Relapse after allogeneic hematopoietic cell transplantation (allo-HCT) remains the first cause of transplant failure in patients with Philadelphia-positive (Ph+) acute lymphoblastic leukemia (ALL). In other hematologic malignancies, therapeutic advances resulted in significant improvement over time in survival of patients relapsing after transplant.
We compared outcomes at European Society for Blood and Marrow Transplantation (EBMT) participating centers of 899 adult patients with Ph+ ALL who relapsed between 2000 and 2019 after allo-HCT performed in first complete remission. Median follow-up for alive patients was 56 months.
Overall, 116 patients relapsed between 2000 and 2004, 225 between 2005 and 2009, 294 between 2010 and 2014, and 264 between 2015 and 2019. Patient and transplant characteristics were similar over the four time periods except for a progressive increase in unrelated donors, peripheral blood stem cells, reduced intensity conditioning, and in vivo T-cell depletion and a progressive decrease in total body irradiation. The 2-year overall survival (OS) after relapse increased from 27.8% for patients relapsing between 2000 and 2004 to 54.8% for 2015 and 2019 (P = 0.001). A second allo-HCT within 2 years after relapse was performed in 13.9% of patients resulting in a 2-year OS of 35.9%. In multivariate analysis, OS from relapse was positively affected by a longer time from transplant to relapse and the year of relapse.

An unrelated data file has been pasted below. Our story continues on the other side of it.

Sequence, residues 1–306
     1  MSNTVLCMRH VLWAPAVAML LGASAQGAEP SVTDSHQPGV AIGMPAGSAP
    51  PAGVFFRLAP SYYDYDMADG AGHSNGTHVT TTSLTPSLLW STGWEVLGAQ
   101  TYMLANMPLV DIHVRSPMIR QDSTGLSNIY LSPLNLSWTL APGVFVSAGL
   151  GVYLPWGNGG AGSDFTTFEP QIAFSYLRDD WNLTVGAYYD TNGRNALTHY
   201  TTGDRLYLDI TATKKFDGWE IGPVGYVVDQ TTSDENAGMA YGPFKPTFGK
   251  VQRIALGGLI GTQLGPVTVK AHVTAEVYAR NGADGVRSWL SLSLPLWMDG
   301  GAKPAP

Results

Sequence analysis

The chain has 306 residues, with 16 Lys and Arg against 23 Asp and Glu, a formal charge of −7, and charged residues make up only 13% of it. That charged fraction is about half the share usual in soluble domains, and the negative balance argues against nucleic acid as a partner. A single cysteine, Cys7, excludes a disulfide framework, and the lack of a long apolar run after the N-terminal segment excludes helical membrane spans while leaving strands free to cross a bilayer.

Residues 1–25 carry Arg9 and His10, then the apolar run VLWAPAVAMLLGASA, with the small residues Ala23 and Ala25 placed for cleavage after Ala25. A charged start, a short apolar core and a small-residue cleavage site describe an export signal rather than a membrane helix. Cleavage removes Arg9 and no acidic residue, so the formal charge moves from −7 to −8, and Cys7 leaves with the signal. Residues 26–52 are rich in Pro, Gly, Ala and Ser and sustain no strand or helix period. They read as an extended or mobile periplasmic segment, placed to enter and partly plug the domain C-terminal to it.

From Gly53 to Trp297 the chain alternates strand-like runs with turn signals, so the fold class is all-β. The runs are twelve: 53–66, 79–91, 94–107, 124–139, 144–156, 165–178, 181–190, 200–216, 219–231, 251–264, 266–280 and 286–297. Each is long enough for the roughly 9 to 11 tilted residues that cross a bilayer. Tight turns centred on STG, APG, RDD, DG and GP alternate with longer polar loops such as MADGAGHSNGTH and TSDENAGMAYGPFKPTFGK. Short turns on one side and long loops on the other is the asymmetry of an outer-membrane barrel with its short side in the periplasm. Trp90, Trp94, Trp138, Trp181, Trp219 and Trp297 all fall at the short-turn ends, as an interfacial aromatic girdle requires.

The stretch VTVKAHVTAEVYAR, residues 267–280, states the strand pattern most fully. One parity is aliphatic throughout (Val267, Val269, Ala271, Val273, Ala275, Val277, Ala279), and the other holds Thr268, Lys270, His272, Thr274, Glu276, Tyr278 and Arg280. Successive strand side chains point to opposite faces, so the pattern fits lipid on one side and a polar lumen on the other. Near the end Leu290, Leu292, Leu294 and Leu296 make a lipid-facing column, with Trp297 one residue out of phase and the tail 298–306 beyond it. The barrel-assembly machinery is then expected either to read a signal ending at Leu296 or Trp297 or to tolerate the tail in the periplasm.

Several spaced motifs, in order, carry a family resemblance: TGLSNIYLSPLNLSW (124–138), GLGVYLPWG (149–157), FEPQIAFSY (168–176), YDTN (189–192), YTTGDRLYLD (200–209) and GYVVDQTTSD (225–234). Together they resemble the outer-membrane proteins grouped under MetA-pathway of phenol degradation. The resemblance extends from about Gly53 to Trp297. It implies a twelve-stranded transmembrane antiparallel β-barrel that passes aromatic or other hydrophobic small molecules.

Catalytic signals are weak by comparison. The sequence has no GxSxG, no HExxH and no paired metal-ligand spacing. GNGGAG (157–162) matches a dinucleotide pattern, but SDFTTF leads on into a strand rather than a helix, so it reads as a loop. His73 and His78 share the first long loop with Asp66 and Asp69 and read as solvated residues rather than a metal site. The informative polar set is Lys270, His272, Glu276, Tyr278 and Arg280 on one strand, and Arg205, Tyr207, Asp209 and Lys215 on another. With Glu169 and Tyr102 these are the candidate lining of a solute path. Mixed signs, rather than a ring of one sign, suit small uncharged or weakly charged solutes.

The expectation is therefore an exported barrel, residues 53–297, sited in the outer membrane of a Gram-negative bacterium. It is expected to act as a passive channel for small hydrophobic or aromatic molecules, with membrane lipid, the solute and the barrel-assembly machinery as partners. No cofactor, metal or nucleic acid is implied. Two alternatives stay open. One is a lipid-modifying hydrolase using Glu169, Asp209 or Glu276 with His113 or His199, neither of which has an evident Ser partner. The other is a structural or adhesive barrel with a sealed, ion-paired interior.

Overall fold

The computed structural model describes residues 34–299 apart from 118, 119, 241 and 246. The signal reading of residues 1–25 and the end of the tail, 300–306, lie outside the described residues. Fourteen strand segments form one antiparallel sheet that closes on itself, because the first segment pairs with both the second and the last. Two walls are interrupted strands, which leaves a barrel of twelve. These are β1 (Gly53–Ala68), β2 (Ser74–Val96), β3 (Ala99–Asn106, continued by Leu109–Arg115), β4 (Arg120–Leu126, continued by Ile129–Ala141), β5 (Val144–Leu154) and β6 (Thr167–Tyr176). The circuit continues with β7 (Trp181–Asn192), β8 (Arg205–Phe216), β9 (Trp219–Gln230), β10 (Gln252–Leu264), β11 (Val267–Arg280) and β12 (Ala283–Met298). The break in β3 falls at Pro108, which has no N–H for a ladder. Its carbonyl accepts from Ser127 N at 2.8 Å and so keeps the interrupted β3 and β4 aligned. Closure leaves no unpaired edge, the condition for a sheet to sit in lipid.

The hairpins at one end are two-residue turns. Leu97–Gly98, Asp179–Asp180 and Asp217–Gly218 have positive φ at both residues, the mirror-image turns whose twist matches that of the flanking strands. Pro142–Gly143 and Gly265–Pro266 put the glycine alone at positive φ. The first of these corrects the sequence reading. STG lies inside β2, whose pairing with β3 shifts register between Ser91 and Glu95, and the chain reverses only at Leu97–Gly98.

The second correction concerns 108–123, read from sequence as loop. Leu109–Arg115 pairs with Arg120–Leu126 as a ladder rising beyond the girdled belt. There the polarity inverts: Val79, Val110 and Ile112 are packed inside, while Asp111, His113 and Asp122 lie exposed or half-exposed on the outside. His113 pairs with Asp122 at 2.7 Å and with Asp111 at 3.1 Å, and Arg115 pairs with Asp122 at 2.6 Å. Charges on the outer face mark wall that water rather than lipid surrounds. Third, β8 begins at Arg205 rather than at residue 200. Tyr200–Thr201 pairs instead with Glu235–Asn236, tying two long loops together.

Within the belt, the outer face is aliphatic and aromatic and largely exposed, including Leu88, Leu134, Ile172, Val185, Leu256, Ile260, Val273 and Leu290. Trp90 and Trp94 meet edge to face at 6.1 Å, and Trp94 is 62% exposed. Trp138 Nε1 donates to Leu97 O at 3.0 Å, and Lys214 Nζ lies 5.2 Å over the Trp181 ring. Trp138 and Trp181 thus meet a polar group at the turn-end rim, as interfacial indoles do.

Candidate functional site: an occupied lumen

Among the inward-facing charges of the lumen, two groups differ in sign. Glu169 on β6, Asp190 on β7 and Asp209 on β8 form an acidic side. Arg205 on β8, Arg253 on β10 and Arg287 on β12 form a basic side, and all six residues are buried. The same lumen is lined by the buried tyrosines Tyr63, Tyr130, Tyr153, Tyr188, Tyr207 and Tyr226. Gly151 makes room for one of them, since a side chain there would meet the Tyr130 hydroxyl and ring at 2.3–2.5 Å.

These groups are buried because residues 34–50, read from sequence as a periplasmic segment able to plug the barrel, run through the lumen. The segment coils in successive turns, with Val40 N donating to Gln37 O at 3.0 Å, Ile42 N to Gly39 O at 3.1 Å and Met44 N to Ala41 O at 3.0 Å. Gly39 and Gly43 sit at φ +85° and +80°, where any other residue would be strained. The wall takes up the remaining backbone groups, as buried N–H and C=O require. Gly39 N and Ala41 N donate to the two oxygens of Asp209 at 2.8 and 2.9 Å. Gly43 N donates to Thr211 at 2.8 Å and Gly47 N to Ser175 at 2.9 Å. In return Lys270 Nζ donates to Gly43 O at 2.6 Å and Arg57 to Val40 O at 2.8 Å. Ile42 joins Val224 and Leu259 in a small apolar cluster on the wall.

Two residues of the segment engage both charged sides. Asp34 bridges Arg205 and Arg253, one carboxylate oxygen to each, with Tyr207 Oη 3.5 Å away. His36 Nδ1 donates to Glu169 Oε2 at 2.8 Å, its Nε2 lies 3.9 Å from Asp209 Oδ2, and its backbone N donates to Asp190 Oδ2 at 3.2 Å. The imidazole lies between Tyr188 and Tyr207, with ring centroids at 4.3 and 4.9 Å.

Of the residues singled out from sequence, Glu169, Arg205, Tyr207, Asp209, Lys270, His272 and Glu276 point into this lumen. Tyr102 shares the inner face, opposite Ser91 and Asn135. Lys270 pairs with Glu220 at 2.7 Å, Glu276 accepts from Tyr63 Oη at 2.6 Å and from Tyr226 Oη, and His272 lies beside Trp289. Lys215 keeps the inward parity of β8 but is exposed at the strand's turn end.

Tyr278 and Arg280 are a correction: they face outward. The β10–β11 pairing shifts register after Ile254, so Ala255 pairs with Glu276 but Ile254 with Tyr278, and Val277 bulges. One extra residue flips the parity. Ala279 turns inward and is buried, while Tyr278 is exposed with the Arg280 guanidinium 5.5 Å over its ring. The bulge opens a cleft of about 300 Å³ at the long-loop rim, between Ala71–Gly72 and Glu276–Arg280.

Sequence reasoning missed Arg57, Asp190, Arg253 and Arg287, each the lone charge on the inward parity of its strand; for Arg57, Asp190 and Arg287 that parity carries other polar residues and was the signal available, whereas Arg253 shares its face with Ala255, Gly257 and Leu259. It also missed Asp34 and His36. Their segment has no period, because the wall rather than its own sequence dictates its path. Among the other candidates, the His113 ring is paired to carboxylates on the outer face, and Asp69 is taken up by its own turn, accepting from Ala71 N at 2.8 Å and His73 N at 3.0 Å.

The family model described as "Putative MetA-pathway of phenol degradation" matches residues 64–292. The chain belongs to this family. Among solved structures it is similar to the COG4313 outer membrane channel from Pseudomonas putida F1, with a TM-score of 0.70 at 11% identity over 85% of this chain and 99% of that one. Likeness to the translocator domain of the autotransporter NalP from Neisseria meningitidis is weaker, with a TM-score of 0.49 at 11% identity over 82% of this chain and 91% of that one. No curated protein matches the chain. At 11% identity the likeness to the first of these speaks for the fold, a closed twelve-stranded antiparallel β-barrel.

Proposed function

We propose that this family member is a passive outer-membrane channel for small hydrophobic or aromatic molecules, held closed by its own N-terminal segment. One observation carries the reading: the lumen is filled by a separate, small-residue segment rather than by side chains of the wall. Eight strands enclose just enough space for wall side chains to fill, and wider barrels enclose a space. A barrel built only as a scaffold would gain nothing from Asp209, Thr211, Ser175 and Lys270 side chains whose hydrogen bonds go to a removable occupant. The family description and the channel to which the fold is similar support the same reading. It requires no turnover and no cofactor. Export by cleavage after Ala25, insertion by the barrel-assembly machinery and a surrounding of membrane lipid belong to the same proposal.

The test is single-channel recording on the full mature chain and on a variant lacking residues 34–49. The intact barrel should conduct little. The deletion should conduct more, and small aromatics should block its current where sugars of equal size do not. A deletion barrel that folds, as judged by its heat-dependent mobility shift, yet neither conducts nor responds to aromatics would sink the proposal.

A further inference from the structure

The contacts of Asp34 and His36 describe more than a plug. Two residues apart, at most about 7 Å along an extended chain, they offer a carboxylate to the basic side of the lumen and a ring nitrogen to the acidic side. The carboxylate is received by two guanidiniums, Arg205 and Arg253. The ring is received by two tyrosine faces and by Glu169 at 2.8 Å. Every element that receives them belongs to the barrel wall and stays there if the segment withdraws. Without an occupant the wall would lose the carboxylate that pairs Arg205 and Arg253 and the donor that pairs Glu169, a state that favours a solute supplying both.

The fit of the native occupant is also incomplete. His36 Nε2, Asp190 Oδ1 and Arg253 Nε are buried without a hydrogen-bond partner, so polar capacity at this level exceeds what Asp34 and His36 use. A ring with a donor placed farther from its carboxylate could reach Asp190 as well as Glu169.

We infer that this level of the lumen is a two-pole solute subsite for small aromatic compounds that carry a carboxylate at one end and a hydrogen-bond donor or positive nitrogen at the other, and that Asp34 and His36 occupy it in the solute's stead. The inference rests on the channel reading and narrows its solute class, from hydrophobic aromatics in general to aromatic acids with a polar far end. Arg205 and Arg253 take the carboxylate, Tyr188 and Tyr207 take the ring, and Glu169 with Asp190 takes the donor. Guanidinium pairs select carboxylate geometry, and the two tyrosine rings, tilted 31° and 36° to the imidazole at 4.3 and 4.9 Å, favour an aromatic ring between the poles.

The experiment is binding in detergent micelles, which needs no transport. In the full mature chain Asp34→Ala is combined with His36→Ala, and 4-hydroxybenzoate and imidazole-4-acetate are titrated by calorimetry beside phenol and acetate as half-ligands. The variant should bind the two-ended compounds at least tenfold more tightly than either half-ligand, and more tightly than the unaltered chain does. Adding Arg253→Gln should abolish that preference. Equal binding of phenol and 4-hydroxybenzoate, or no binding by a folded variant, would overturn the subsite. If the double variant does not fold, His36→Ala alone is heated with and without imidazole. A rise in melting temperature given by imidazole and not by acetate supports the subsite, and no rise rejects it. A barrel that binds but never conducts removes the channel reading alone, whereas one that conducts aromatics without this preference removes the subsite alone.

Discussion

We observed a major progressive improvement in OS from posttransplant relapse for patients with Ph+ ALL over the years, likely multifactorial including transplant-related factors, posttransplant salvage, and improvement in supportive care. These large-scale real-world data can serve as a benchmark for future studies in this setting.
See related commentary by Gale, p. 813